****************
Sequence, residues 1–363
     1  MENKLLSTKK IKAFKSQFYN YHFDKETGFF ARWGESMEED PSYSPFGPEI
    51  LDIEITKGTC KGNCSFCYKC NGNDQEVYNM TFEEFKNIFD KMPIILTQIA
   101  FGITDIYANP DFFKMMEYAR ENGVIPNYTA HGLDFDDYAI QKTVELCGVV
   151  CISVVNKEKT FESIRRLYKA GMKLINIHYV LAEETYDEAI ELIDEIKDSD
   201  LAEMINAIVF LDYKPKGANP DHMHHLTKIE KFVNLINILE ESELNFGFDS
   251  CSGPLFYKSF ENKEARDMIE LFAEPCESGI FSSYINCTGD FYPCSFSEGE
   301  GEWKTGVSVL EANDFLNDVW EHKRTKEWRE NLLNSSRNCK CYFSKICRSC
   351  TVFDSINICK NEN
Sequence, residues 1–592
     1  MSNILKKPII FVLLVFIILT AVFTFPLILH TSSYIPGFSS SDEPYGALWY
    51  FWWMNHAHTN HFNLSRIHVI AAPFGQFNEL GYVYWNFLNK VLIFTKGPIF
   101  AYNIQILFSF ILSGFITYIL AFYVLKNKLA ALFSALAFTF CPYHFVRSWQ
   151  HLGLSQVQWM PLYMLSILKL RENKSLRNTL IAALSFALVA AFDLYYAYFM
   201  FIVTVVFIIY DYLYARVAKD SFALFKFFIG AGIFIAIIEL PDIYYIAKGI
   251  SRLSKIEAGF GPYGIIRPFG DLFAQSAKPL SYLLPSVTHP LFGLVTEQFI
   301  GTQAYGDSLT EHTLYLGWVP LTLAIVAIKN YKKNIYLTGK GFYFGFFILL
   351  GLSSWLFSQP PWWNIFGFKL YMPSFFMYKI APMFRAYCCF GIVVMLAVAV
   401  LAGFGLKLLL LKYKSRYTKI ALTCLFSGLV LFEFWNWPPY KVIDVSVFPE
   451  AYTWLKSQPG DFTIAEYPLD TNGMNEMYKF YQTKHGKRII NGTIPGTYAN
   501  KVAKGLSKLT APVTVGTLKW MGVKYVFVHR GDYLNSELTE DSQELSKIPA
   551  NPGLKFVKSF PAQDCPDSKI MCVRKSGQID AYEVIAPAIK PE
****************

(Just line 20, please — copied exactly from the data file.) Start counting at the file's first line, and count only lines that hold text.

   451  AYTWLKSQPG DFTIAEYPLD TNGMNEMYKF YQTKHGKRII NGTIPGTYAN